As Congress and President Obama wrangle over the fiscal cliff, some have questioned whether lawmakers can muster the will to support the spending Christie has requested.
The Republican governor, who announced his reelection bid this week amid soaring poll numbers, said he understood the federal government had "financial issues." But it has helped other states hit hard by natural disasters, and he said he expected New Jersey and New York state, which has requested $42 billion in aid, to be treated similarly.
"These are realistic numbers that we need," he said, noting that the federal government has paid $112 billion to states affected by Hurricane Katrina in August 2005. "Let's keep it in context. . . . Our request together is about $78 billion. . . . We're not talking about requests that are unprecedented."
Christie said he and New York Gov. Andrew Cuomo had pledged not to compete for federal funds.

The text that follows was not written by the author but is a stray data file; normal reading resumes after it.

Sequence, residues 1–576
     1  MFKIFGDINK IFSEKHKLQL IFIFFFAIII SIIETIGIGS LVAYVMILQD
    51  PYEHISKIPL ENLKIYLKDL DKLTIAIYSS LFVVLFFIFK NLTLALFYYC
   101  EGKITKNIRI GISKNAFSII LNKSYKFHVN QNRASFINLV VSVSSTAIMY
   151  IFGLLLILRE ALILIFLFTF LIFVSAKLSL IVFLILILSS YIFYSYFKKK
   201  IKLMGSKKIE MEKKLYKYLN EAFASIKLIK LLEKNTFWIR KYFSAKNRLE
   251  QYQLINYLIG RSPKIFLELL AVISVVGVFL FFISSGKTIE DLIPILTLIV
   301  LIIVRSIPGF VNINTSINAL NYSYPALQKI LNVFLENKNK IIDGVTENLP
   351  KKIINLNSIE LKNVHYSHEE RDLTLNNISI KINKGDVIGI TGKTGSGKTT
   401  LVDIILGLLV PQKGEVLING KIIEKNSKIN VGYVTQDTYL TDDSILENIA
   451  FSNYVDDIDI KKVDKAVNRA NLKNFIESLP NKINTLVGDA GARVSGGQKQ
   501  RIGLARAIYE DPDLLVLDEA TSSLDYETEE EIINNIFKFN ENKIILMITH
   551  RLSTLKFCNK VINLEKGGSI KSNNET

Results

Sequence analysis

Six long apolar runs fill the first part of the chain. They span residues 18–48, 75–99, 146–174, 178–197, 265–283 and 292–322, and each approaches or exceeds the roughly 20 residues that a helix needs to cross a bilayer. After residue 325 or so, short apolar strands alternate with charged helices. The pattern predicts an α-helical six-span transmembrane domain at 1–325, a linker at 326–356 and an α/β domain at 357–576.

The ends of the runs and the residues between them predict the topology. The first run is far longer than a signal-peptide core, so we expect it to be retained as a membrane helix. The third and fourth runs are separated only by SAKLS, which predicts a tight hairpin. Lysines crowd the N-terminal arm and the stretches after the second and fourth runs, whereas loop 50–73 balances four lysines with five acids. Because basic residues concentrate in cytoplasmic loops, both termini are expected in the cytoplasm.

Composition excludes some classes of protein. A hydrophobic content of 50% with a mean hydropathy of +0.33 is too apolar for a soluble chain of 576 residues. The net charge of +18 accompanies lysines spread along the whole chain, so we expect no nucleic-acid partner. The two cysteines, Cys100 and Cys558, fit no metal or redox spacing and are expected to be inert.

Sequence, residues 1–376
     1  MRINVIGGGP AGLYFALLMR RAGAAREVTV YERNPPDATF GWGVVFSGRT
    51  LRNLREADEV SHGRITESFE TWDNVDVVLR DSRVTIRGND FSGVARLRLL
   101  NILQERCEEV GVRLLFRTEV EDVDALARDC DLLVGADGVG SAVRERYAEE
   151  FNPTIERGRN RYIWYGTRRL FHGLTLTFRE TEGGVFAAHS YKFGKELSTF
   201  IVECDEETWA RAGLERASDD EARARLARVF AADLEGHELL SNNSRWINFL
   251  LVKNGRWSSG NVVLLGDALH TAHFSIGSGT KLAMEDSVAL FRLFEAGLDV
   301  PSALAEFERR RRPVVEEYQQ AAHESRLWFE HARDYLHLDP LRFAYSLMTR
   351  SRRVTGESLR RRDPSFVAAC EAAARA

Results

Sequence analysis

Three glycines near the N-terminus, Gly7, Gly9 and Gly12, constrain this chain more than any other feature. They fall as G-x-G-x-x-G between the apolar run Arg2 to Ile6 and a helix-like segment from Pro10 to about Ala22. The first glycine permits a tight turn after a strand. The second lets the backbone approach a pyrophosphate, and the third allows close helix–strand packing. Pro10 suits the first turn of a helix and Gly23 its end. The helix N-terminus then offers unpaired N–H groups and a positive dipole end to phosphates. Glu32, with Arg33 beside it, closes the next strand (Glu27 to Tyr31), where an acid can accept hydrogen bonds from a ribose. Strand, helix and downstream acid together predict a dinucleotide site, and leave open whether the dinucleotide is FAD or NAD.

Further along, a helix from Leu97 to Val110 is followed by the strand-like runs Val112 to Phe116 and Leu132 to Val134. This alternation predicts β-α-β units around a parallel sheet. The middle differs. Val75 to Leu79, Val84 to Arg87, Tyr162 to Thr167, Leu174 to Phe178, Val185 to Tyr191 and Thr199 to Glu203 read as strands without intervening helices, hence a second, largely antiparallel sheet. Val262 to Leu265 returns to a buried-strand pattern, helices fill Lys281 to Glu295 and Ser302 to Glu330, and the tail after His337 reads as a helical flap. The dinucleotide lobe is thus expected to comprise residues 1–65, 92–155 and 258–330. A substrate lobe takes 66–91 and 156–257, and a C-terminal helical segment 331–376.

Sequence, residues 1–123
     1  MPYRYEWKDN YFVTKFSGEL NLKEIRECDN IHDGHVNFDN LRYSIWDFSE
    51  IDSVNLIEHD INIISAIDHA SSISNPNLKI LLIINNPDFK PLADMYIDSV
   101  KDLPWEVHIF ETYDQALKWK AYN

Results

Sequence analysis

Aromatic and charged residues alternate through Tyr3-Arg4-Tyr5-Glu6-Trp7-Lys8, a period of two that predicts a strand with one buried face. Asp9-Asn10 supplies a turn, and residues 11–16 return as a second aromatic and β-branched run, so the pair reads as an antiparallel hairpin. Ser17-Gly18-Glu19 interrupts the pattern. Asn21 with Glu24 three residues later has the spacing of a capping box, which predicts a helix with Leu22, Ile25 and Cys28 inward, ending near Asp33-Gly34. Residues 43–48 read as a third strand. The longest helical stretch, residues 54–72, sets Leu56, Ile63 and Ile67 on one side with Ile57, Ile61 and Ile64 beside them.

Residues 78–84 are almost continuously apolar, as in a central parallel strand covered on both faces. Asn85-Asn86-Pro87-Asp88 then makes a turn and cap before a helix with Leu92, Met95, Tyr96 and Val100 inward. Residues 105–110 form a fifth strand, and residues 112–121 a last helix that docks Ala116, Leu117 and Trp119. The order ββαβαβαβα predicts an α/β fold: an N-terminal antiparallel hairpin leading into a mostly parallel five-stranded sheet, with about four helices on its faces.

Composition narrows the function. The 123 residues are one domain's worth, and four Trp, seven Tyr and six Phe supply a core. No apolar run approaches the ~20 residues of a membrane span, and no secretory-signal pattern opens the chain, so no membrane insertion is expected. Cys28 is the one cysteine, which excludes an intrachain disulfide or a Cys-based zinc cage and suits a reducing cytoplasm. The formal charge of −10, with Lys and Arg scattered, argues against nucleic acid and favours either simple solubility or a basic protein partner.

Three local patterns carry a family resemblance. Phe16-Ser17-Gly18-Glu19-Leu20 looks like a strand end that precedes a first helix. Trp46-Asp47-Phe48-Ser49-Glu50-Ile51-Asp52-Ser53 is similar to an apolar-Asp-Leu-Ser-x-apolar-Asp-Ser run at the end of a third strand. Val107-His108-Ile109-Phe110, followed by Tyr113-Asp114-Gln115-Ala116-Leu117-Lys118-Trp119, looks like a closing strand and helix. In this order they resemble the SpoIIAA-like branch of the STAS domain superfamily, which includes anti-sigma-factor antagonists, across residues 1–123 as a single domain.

"This is a regional problem. . . . Transit and the economies are so intertwined between New York and New Jersey," he said. "We're going to go down there as a team."
The Federal Emergency Management Agency already has distributed more $500 million in aid in New Jersey, and 230,000 residents have registered with FEMA for assistance, Christie said.
Also Wednesday, Christie appointed a former federal prosecutor to head Sandy recovery operations within his office. Marc Ferzan of Lawrenceville worked in the U.S. Attorney's Office when Christie led it from 2002 until 2008.
Christie said he trusts Ferzan with the complicated task of storm recovery in part because of how he handled himself as a prosecutor.
"Whenever there was a tough task to be done in the U.S. Attorney's Office, when I was there, a case that other people couldn't see to either move or get rid of, wasting investigative resources, I'd turn to Marc," Christie said.
Ferzan joined Christie's administration in January 2010 as executive assistant attorney general, helping to manage a staff of more than 8,000 and offering legal and policy guidance to the attorney general and the governor's office.
Ferzan left in June for a consulting position as managing director of PricewaterhouseCoopers Advisory.
Contact Joelle Farrell at 856-779-3237 or firstname.lastname@example.org or on Twitter at @joellefarrell.